If you ever move to NC do not, I repeat, do not build a log cabin. That is prime carpenter bee habitat. Cement siding is the way to go.

Plant it, edit for wild flowers and they will come. It is interesting that there are times of a tumultuous vibration of a myriad of creatures and at other times there is almost complete silence when nobody's there.

I walk through a meadow and bugs fall off the plants and crawl on me. Seeds attach themselves. All kinds of fluff sticks and clings. I have to brush myself off when I enter an open space. There is nothing new about that. I am a gardener by trade. This time of year it just seems so many things are looking to hitch a ride.

Wider paths would solve that little problem if I managed to stay on them, but in some places there is no room for that.

This time of year all that activity is at shoulder level and above. I lean in to pull a weed and come back out with burrs in my hair.

I'm good with all that. The trade off in beauty is worth it. My red line is thorns. Gardy will not be scratched and maimed in his own garden.

Tuesday, August 25, 2015


Coffee in hand, I went for a slow walk this morning to see where I might plant my half dozen new Red Yuccas.

I had envisioned the winter under garden and had a good notion where they would fit in, have full sun and super well drained soil.

It just took me a while to get there.

Can you see it?

I knew if I was patient she would eventually part with it. We all know what happens to stuff that is to good to throw away and ends up stored under the house because you might need it one day. It gets forgotten until one day you decide to clean up and throw out all the junk under the house.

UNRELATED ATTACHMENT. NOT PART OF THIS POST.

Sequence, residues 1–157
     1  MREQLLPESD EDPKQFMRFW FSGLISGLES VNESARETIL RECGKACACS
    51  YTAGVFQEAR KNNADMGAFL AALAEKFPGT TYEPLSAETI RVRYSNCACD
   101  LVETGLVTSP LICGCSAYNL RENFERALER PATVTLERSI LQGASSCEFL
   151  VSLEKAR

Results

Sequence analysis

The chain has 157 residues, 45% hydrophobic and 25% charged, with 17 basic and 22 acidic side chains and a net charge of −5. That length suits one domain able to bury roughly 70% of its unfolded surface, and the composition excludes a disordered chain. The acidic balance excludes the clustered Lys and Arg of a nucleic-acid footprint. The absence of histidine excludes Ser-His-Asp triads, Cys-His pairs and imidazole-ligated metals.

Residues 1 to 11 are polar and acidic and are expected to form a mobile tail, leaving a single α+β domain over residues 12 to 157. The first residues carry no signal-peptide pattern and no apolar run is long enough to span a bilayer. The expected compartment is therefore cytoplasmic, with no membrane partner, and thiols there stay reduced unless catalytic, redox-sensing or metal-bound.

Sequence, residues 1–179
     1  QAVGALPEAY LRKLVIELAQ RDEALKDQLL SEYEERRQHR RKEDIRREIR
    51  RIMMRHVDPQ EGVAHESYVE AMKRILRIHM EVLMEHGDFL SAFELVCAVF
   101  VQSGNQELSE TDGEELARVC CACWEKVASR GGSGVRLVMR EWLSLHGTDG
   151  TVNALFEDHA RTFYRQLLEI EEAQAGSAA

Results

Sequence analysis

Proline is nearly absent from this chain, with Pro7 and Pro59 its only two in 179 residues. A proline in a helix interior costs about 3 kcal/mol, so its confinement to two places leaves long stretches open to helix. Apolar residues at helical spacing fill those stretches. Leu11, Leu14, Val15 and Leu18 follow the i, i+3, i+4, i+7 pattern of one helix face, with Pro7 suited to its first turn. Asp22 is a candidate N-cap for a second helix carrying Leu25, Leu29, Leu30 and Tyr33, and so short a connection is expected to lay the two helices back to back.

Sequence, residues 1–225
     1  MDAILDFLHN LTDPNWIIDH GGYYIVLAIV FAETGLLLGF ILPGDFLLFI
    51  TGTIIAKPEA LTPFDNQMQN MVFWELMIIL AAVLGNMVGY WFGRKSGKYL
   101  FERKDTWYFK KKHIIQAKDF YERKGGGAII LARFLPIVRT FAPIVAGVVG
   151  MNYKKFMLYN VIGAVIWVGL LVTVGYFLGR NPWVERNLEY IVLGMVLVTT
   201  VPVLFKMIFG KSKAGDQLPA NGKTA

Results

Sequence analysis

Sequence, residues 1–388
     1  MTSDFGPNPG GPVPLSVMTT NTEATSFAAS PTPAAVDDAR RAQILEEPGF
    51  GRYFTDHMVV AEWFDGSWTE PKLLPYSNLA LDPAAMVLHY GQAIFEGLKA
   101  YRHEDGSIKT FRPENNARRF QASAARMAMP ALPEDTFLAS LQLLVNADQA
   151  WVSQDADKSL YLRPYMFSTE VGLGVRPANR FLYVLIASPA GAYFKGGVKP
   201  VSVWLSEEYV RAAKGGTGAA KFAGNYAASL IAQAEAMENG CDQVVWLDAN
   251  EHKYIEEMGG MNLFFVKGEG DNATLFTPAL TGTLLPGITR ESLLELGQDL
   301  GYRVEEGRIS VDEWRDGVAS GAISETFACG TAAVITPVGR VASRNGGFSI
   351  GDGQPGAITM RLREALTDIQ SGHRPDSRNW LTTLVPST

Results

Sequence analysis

The first time I asked was at least two years ago. This time the answer was yes. Now there are two invisible art pieces.

I'll need to watch it cause the birds. If they have troubles I will try to find a way to etch or paint an image on the glass. The other invisible art piece has been fine with the birds since it is placed next to the grasses and is only fully exposed about a month out of the year.

I didn't want to wait until November when the under garden would start to reappear. It would be much better for the Red Yuccas, Hesperaloe parviflora 'Perpa' to have more time to gets some roots in the ground before winter sets in.

I set them in the ground this afternoon after the invisible art piece was placed. I'm kind of excited to see the under garden this year. I have planted quite a bit to improve it since last winter.

But that will have to wait.

The Tall Flower Meadow is not anywhere near done.

Now I wait for the asters, particularly the Blue Wood Aster.

I don't want to leave home in the morning. It will be many years before that is a viable option at this time of year.

Monday, August 24, 2015


The grasses will bloom and add their stature to the Tall Flower Meadow when it is their time.

There is enough to keep me occupied until then.

One small section of the meadow is probably at peak bloom now.

The middle is gaining more color by the day

There is much yet to come as the bloom sweeps north across the meadow. I am more patient with it now that the big end of season show is well under way.

I knew if I was patient they would eventually end up on the discard rack. No one in North Carolina was going to buy those ugly spiky cactus looking things. I would. I waited. Today they were marked down from $15 to $5. I bought six.

Now where will I plant these Hesperaloe parviflora 'Perpa'? The Monrovia tag says zone 5. The internet is disagreeing and saying zone 7 to zone 5. I'm willing to find out just how hardy they are because they should be evergreen and become part of the winter under garden of a low mounding tapestry of texture and color. Plus they have tall bloom spikes of red in the summer that the hummingbirds should enjoy.

It's hard to plant things in the Lush when it is nearing full bloom. These new plants may need to sit in their pots for a spell while I ponder just where to put them. It would help if I could see the under garden. That won't be until November.

Sunday, August 23, 2015


I did it.

A little rain helped.

A nap was involved.

Strolling happened.

Less than a half dozen weeds were pulled.

What could be better than having nothing to do in a garden.